"I really really do."
"Fine. What about Bawarchi, hmm? Don't tell me he isn't a atheistic metaphor."
"A king who became a chef? Clear reference to the Bible where God is referred to as a divine monarch. At the same time there are frequent references to a 'heavenly banquet'. By making Bawarchi a king turned chef, someone who would be expected to prepare banquets, you clearly set him up to represent the Almighty. However, the story dwells on how powerless he is and how he can do nothing without the help of children. Children. A clear indication that you believe in the theory that God is a creation of Man and not vice versa; that without Man, God has no meaning."
"Are you serious?! I haven't even read the Bible! And don't go calling me an atheist in front of my mom, she'll kill me! She already makes me spend an hour at the temple everyday ever since that time she caught me reading..I am not...not...an atheist. I make donations to the local pundit, I fast every Tuesday, I-I-."
"Mr. Rai?"
You're rambling."
"Now let's talk about Neha. Obviously a personification of the emancipation of the Modern Indian Woman who isn't afraid to try new sexual experiences and indulge in deviant behaiour."
"What?! She's seven frikkin' years old!"
"Interesting choice of numbers. Seven deadly sins anyone? Anyway, that one's pretty much a certainty. After all, she is riding a centaur on the cover. Half-man, half-horse? And you're telling me that isn't a fetish?"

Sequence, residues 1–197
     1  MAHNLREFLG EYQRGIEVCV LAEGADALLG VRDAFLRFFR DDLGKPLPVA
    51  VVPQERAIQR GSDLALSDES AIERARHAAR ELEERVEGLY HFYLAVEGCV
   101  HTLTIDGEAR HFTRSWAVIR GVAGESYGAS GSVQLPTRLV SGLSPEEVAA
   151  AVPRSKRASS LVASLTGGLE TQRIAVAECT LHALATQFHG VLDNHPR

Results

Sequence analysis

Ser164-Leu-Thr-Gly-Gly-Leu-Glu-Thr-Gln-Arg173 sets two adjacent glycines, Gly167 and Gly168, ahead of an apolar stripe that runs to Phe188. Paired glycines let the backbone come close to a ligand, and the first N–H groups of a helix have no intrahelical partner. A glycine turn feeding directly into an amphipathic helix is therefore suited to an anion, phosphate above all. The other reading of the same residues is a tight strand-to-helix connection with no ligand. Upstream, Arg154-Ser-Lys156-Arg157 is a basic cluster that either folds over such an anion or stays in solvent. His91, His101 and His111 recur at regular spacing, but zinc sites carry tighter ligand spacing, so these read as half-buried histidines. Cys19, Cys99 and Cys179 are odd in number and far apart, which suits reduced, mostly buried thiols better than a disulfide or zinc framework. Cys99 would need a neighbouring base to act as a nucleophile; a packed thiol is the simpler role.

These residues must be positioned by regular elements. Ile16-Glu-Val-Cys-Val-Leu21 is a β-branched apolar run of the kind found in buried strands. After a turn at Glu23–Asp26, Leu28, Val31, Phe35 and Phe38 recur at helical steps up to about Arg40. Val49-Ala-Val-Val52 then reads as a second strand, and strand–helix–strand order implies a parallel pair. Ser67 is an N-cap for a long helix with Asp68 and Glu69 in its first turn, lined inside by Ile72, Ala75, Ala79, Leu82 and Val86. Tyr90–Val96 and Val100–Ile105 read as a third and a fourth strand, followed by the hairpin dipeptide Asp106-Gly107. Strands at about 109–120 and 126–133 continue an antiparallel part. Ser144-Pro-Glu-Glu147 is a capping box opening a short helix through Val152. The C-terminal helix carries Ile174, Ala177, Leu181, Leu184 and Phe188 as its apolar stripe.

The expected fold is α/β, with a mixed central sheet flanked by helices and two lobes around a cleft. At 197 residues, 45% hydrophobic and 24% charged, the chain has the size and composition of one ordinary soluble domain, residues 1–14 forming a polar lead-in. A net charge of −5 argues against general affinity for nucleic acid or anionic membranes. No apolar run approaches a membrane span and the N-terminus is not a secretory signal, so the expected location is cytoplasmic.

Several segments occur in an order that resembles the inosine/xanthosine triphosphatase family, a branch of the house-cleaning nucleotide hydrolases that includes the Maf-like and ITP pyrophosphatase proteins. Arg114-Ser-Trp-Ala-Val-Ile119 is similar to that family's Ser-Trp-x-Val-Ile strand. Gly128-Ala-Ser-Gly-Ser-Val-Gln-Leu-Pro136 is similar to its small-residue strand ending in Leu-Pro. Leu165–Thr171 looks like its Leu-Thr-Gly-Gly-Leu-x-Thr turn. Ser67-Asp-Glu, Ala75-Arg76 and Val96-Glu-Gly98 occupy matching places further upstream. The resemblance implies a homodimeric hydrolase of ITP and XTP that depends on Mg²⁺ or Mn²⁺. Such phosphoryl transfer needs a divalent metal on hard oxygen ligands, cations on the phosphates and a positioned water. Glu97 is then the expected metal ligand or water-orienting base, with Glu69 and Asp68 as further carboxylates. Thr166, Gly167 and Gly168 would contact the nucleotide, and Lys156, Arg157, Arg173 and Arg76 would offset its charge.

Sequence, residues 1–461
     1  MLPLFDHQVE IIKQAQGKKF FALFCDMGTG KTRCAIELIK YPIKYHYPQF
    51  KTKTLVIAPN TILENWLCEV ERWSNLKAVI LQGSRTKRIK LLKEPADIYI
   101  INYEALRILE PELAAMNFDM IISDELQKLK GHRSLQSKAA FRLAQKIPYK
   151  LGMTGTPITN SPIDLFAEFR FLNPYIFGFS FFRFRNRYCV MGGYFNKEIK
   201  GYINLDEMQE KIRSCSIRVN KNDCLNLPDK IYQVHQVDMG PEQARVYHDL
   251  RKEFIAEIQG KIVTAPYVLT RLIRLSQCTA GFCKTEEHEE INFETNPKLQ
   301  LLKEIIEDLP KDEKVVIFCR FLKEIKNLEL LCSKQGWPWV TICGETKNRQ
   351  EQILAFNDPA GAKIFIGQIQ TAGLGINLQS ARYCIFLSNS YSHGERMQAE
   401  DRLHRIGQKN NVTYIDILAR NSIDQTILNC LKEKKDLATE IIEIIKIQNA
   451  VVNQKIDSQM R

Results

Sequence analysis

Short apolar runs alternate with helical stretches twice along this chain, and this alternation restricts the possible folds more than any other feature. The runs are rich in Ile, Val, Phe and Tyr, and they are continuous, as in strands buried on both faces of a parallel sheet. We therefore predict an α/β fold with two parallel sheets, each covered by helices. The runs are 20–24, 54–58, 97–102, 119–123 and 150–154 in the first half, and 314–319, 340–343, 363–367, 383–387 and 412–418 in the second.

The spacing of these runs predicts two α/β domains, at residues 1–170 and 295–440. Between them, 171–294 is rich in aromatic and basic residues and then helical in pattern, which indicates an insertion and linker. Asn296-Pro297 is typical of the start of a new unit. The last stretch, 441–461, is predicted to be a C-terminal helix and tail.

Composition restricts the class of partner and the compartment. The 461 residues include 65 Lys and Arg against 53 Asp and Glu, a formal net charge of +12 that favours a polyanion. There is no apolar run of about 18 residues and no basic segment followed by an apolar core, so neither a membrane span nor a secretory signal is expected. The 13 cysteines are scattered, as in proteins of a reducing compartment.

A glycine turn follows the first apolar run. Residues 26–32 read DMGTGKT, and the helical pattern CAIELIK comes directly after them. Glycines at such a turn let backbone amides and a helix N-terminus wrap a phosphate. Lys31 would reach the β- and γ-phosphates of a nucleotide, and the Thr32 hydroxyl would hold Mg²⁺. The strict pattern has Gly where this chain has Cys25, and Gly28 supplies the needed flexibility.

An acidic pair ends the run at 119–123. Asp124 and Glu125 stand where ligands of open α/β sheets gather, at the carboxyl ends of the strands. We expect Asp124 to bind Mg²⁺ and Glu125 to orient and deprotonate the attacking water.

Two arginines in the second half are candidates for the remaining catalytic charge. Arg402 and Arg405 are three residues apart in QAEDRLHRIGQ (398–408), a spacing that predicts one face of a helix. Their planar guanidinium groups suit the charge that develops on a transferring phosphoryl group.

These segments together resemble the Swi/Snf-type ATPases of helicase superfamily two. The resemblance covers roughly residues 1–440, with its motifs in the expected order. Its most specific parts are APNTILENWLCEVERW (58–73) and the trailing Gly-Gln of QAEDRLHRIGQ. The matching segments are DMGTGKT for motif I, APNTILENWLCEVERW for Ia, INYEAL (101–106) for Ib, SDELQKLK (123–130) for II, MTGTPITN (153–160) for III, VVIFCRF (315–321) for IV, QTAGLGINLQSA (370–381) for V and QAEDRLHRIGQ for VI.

"Yes, she's riding on a centaur, but she's also riding with her brother."
"Don't even get me started on that. Plus, in the book, she gets a magic staff. Magic staff? Could that be any more Freudian?"
"You. Are. SICK!"
"Her mother's name is Savita? Come on. Does that ring a bell?"
He then sat in stunned silence while Anita proceeded to link the fact that his second book was called Indian Fairy Tales to homoeroticism, the colour of one of his character's eyes to the rampant corruption in the current government and the names of a group of crickets in his latest book to his (supposed) hatred for the works of F. Scott Fitzgerald.
For a while, he listened to her occasionally throwing in horrified interjections and corrections which she listened to patiently and then completely ignored. Then, when the constant stream of deductions became no more than a meaningless flow of words (turtle...Impressionism...dwarf....freedom of press), he started toying with the idea of pretending that his works really were insightful and full of undiscovered worth. But he'd been raised to be honest and, more importantly, he was reasonably certain that if he played along with this girl, his situation might change from that of any B-grade rom-com to something along the lines of Misery.
So it was around the point that she definitively proved that his desciption of a lake in his short story The First Gnome of Chlork was proof of his secret Communist beliefs that he said: